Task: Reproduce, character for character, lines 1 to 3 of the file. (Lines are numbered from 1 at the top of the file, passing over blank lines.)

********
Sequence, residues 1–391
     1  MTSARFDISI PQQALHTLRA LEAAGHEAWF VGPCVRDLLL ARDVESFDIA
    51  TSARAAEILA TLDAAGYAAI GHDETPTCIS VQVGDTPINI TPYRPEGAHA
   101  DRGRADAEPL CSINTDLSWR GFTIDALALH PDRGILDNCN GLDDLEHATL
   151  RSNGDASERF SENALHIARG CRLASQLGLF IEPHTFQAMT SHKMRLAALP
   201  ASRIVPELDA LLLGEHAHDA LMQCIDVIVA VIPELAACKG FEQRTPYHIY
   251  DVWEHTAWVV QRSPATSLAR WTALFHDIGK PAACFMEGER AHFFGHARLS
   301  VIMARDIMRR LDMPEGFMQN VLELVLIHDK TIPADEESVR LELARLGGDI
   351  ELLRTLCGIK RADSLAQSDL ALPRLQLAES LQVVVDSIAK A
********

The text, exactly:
Sequence, residues 1–391
     1  MTSARFDISI PQQALHTLRA LEAAGHEAWF VGPCVRDLLL ARDVESFDIA
    51  TSARAAEILA TLDAAGYAAI GHDETPTCIS VQVGDTPINI TPYRPEGAHA